It was thought best to discharge the prisoners on paroll. When giving them their discharge Captain Share talked to them in a very mild manner warning them of the consequence if they again entered the Border Ruffian Service. Capt Brown listened with a smile on his face. After Share had got through Said he, “Gentleman I would like to say a word to those prisoners,” several responded “say on”, Said he, adressing the prisoners, “I perceive that some of you have to much intelligence to have been led into such an undertaking by deception. You knew very well the nature of the business you wer going on. You may well think that your getting easily dealt by after your men have conducted in the manner that they have In robbing the Free State people they have gone so far as to take the jewelry from the fingers & ears of females. I don’t know that your pockets have been disturbed. You are getting off easily this time but if you are caught in another as dirty a scrape you may guess what your fate will be”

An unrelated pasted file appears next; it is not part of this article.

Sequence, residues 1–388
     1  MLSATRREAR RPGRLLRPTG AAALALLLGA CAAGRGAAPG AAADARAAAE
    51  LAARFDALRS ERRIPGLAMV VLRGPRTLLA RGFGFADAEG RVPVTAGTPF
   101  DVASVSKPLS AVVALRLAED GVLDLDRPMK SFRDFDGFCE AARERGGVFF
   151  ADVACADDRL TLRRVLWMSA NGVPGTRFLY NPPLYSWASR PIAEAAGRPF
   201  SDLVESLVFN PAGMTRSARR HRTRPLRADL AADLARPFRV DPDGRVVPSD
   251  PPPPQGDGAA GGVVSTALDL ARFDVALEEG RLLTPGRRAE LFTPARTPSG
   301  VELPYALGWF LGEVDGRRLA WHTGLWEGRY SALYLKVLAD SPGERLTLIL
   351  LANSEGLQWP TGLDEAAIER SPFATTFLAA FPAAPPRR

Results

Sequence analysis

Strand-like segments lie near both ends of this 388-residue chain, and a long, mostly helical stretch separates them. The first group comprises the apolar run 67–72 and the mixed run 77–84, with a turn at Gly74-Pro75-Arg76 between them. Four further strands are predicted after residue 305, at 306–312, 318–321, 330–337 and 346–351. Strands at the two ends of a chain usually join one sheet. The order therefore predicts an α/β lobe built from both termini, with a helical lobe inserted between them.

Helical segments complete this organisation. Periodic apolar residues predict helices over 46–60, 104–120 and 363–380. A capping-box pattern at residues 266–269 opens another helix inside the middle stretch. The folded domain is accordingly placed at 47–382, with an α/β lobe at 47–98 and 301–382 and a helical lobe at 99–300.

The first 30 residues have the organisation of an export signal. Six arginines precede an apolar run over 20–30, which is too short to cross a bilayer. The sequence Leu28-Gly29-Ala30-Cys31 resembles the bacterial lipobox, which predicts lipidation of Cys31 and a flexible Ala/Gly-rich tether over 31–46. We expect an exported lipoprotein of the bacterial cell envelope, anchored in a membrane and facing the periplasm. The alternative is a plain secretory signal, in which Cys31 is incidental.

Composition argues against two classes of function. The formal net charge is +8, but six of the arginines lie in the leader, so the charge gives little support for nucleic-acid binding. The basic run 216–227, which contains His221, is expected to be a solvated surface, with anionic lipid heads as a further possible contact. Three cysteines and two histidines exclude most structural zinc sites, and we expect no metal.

When leaving us one of the most intelligent of the prisoners came & shook hands with me & said that he hoped that we never would be arrayed against each other again. Upon the request of some of Brown’s men I joined them that morning. All but B’s company started for Little Sugar Creek whither the Border Ruffians had fled. After breakfast we followed an